Urinalysis Test-Reference Standard

Urinalysis, also known as urine test, urine analysis, or UA, is conducted to diagnose or monitor conditions or diseases like kidney disorders or urinary tract infections. It is usually done in three steps: visual examination, chemical examination and microscopic examination.

In Visual Urine Examination

If your urine is near transparent or yellowish-colored, it indicates normal conditions.

If your urine is cloudy, turbid, and with strong odor, it may indicate urinary traction infection (UTI).

In Chemical Examination

The parameters that should be tested by dipstick method and their normal value are as follows:

  • Urine pH: It may range between 4.5 and 8, and the ideal value is around 6.
  • Protein: 10 mg/100 ml or 150 mg/day is normal, higher levels may present proteinuria.
  • Specific Gravity: Concentration of urine-specific gravity falling between 1.002 and 1.035 is referred to as normal. Lower than 1.002 indicates dilute urine; however higher than 1.035 indicates dehydration.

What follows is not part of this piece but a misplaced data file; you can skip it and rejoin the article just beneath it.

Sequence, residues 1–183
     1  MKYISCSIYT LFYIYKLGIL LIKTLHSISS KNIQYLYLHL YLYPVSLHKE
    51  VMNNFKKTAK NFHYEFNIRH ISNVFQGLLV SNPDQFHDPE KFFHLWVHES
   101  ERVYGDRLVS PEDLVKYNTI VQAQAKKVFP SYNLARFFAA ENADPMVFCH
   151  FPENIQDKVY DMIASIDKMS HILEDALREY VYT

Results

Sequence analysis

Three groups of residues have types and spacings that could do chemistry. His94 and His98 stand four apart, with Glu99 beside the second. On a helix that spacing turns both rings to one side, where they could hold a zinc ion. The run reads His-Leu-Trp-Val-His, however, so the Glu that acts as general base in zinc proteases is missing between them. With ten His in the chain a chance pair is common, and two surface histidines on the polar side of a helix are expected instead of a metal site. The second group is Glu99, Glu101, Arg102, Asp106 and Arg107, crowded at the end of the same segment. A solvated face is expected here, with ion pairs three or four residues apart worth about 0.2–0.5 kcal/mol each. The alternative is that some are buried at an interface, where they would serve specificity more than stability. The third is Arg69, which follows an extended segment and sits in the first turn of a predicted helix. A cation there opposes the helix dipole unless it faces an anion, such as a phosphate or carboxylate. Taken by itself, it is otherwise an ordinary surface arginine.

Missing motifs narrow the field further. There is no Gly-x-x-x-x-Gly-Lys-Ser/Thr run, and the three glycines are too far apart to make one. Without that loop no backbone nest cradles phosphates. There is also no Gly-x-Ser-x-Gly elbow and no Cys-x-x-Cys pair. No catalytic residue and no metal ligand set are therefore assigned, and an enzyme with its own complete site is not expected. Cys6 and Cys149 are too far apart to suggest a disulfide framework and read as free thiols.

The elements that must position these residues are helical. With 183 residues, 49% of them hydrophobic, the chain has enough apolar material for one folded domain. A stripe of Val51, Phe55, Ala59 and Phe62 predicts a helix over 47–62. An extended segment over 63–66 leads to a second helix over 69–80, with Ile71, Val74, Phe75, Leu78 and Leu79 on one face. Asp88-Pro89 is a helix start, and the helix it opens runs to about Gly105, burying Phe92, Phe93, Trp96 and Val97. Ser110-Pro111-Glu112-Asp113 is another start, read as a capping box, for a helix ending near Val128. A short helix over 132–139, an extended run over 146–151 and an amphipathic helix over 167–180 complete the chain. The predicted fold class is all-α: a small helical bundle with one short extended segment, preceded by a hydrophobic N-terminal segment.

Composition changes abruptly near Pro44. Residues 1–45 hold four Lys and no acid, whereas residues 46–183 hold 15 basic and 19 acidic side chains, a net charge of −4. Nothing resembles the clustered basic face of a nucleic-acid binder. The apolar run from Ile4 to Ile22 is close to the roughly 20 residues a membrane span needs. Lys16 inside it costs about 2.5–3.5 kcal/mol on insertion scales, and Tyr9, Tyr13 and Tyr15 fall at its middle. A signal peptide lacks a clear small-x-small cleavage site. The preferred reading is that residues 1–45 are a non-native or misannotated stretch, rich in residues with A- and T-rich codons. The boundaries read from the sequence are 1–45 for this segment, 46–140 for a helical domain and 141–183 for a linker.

• Glucose: The normal amount should be less than 130 mg/day, higher than which indicates diabetes mellitus.
  • Leukocyte Esterase: Negative test result indicates normal conditions, however positive test result indicates UTI and elevated production of white blood cells.

In Microscopic Urinalysis

Normal urinalysis test results are absent or present very few red blood cells, white blood cells, casts, crystals, epithelial cells, and microorganisms (bacteria and yeast).

Keywords: UA; Urinalysis; Urine Analysis; Urine Test

* The Content is not intended to be a substitute for professional medical advice, diagnosis, or treatment. Always seek the advice of your physician or other qualified health provider with any questions you may have regarding a medical condition.